Alexander Yakovenko's reassurances come amid an ongoing diplomatic row between the two nations following the nerve agent attack in the English city of Salisbury.
"All of the necessary measures are being taken," said Yakovenko, speaking at a press conference at the Russian embassy in London on Thursday.
"The British special authorities are in contact with the Russian special authorities to provide the security of fans and all the British who will be in the territory of Russia."
Tensions between the two countries were ratcheted up a notch on Wednesday when British Foreign Secretary Boris Johnson compared Russia's promotion of the World Cup, which will be held from June 14 to July 15, to Adolf Hitler's use of the 1936 Berlin Olympics.
During a meeting of Britain's Foreign Affairs Select Committee
, Johnson agreed with a lawmaker's suggestion that Russian President Vladimir Putin intended to use the World Cup as a "PR exercise" to gloss over a "brutal, corrupt regime" in the same way that Hitler used the Olympics as part of the propaganda for his Nazi regime.
"I think the comparison with 1936 is certainly right," Johnson said. "I think it's an emetic prospect, frankly, to think of Putin glorying in this sporting event."
The Kremlin has said those comments were "offensive and unacceptable."
"This is a completely disgusting statement and it does not fit the foreign minister of the country, of any country," Kremlin spokesman Dmitry Peskov told reporters.
Tensions high amid nerve agent poisoning
Relations between London and Moscow have deteriorated following the British government's claims that the Kremlin was behind the poisoning of former Russian double agent Sergei Skripal and his daughter Yulia in Salisbury.
In response to the poisoning of the former spy, the UK government expelled 23 Russian diplomats,
the single biggest expulsion of Russian diplomats in more than 30 years. Russia's Foreign Ministry ordered the expulsion of 23 British diplomats on March 17 from Russia in a tit-for-tat response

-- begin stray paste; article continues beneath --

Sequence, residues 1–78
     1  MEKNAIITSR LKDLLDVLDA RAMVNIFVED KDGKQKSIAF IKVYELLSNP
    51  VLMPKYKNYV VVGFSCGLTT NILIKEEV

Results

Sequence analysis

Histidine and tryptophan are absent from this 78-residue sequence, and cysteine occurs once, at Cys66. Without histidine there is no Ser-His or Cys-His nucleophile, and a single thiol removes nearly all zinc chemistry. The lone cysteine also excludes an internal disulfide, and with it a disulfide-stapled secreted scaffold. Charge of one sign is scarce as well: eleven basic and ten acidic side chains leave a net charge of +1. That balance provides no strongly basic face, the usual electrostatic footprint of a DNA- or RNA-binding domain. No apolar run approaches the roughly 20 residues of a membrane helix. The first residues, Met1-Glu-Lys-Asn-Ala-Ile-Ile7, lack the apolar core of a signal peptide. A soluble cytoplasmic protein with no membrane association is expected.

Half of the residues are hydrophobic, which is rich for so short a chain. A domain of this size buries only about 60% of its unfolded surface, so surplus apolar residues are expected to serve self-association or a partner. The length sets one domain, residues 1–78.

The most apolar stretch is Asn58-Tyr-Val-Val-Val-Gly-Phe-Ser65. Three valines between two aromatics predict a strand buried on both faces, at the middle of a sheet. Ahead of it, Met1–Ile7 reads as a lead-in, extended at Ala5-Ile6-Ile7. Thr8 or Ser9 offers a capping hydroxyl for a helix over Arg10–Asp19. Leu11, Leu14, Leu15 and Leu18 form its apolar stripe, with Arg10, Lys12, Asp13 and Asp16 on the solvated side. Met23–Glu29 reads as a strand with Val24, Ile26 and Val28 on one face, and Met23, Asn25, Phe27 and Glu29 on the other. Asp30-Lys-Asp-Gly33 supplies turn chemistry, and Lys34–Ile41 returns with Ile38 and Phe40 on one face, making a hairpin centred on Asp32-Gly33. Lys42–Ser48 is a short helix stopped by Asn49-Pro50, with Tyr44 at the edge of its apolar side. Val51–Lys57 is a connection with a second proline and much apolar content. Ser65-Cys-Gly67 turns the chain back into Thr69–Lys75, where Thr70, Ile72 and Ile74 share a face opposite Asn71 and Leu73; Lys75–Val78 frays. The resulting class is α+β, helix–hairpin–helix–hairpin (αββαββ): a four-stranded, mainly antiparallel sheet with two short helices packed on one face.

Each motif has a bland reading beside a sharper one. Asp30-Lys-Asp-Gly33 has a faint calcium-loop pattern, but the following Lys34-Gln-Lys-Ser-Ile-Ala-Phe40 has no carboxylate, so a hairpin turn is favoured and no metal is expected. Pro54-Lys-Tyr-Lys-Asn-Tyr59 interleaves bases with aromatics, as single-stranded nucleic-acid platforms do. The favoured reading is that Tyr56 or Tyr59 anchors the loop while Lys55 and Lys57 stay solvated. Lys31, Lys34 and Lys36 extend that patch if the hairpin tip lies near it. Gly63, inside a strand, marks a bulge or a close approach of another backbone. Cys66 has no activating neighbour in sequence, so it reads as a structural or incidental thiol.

Russia denies any involvement in the poisoning of Skripal and his daughter.
British Prime Minister Theresa May has also confirmed that no member of the Royal Family or any government minister would attend the World Cup.
Even before the diplomatic row erupted this month, concerns were raised last summer over the safety of English supporters after Russian hooligans caused trouble during the 2016 European Championship in France, clashing with rival supporters.
Both Russia and England were threatened with expulsion
from the tournament following acts of violence between fans.
Travel warning issued by UK Foreign Office
With UK-Russia relations at such a low ebb, Britain's Foreign Office recently updated its travel advice to British nationals visiting Russian, warning of the "possibility of anti-British sentiment or harassment at this time" due to "heightens political tensions."
"You're advised to remain vigilant, avoid any protests or demonstrations and avoid commenting publicly on political developments,"said the Foreign Office's website
"While the British Embassy in Moscow is not aware of any increased difficulties for British people traveling in Russia at this time, you should follow the security and political situation closely and keep up to date with this travel advice."